This week is all about the Fed.
Daniel joins me once again to discuss yesterday’s interest rate hike, and what stood out about Fed Chair Jerome Powell’s comments.
Prepare for a rant on how Powell’s actions could push the market far lower…
I also break down why the U.S. dollar will keep rising… and how it will hurt the global economy.
Bottom line: It’s time to play defense. If you don’t have portfolio protection in place, this strategy is one of the best ways to reduce risk… and start profiting from a falling market.
- Daniel’s reaction to Powell’s Q&A [1:39]
- Why this market is unlike anything we’ve ever seen [3:40]
- A rising U.S dollar will cause a lot of pain [16:10]
- Powell is ruining all the bull market catalysts [23:10]
- How to protect yourself from a market crash [37:52]
Wall Street Unplugged | 950
Brace for a market unlike anything you’ve ever seen
Announcer: Wall Street Unplugged looks beyond the regular headlines heard on mainstream financial media to bring you unscripted interviews and breaking commentary direct from Wall Street right to you on Main Street.
Frank Curzio: How’s it going out there. It’s Thursday, September 15th. I’m Frank Curzio, it’s the Wall Street Unplugged podcast where I break down the headlines and tell you what’s really moving these markets. So, Daniel Creech, three days in a row joining us. You okay? You feel all right?
Daniel Creech: Wonderful. Yeah. It’s absolutely. It’s been one of the better weeks in a long time. One, two, three. Every day is Wednesday here, Frank, at Curzio Research.
Frank Curzio: Yeah. Well, I mean, usually I reserve Thursdays for interviews and for this week with the Fed and what they’re doing, I thought it was relevant where it didn’t matter what anybody said, who I was bringing on. I really wanted to talk to you about it because you know what the Fed says and what they do are usually two different things. But they basically said exactly what they’re going to do. I liked that they came out and said yesterday that they’re going to be data dependent, but also what was a shock to the system, which is why the stocks, that went up 300 points at first and came back down was he raised rates like his forecast for where rates will be next year from people looking at 4.25 to four and a half, 4.6%. And he said, they’re going to stay there for the entire year, next year. Which is considerable. And then I think people started digesting that and then said, okay, wait, wait. That’s just not good. It’s just not a good long term scenario. But what did you get from, wait, what was your takeaway from yesterday’s meeting?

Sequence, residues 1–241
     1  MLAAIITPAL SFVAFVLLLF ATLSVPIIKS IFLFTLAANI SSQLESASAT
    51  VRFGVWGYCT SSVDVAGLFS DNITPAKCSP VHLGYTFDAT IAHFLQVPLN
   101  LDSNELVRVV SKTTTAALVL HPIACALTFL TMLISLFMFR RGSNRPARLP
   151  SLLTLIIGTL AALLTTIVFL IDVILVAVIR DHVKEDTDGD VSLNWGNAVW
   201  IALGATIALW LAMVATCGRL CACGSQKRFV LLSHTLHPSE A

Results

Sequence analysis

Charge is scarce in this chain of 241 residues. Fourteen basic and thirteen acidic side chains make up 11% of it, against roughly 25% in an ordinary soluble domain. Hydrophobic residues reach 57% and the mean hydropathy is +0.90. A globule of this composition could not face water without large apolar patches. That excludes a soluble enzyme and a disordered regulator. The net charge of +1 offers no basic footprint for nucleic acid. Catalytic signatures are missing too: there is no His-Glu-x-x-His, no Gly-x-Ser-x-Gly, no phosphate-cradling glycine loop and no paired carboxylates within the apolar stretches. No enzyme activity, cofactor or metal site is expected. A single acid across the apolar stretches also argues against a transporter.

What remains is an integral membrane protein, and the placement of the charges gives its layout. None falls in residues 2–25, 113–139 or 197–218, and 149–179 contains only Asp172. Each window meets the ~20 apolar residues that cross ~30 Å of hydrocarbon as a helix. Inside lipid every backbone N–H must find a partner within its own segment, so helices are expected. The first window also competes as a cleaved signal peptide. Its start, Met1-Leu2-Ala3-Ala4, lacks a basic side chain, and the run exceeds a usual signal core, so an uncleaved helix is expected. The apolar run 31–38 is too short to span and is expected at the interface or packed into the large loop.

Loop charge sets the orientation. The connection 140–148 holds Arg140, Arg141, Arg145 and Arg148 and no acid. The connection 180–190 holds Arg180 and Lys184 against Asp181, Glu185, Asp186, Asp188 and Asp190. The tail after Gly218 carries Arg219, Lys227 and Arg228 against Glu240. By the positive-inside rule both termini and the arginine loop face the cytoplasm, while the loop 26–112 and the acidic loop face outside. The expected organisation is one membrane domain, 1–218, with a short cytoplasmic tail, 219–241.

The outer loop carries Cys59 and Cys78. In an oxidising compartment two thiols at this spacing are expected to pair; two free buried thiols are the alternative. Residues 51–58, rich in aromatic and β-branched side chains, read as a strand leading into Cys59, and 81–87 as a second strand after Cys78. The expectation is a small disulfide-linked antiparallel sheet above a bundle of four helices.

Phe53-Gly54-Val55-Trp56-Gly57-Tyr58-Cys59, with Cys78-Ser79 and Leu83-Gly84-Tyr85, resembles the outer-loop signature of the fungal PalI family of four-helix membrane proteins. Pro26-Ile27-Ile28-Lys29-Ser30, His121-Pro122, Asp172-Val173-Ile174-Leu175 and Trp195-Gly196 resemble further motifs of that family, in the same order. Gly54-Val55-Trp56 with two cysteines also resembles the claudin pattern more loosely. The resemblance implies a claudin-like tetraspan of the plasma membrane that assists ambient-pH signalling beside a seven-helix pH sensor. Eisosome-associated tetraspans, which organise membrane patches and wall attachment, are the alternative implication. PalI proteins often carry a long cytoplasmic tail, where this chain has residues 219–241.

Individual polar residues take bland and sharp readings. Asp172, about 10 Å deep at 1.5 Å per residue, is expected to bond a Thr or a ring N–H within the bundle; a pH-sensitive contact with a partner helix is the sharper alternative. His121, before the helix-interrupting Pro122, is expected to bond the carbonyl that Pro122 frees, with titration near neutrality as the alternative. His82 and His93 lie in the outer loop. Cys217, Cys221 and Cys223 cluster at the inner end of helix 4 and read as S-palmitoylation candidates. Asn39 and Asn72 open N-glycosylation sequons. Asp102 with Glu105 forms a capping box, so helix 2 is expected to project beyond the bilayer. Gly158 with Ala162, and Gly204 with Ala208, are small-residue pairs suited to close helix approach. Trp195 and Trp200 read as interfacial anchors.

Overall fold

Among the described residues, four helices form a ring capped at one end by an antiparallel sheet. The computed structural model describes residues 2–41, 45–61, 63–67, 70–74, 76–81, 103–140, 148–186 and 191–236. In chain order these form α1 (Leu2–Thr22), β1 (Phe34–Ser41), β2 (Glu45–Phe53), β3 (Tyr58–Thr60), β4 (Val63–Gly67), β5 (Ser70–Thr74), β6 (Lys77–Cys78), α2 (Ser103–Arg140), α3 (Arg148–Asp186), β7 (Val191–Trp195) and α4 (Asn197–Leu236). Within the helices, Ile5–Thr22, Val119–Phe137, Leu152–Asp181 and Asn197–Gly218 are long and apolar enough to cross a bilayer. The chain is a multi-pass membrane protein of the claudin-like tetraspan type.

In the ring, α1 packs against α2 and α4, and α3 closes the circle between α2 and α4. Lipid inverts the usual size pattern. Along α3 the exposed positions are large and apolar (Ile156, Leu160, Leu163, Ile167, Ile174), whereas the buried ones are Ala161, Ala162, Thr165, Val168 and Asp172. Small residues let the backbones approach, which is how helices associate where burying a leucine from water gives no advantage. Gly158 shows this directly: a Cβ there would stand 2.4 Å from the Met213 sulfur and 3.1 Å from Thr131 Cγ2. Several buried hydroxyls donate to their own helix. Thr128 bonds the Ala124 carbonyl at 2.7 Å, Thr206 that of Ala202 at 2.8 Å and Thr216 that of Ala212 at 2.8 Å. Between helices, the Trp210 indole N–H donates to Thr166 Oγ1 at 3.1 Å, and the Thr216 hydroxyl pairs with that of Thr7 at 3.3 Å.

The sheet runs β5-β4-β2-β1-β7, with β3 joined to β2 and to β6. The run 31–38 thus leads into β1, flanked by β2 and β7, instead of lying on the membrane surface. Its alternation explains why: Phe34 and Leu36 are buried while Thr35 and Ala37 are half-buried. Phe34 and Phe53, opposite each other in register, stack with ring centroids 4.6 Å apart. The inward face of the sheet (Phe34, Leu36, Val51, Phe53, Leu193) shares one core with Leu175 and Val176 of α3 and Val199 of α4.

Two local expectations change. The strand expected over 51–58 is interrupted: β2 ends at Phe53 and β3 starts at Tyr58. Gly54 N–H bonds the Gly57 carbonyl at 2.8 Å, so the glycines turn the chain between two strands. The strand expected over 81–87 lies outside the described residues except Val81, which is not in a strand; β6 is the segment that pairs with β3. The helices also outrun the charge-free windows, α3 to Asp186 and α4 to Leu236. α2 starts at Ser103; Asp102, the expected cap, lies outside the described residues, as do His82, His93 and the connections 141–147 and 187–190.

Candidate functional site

Daniel Creech: I was surprised that the market didn’t sell off more and it didn’t sell off quicker. So, when I was looking at this at two o’clock Eastern Time is when the announcement came out, they bumped 75 basis points. Markets were a little volatile. At 2:30 when Powell’s Q&A started well at two 30, kind of makes his statement. And then the Q&A starts. If I remember correctly, markets were basically flat and they were going back and forth on his comments. I couldn’t believe the very first question he took and no disrespect to the reporter, whoever asked it didn’t matter.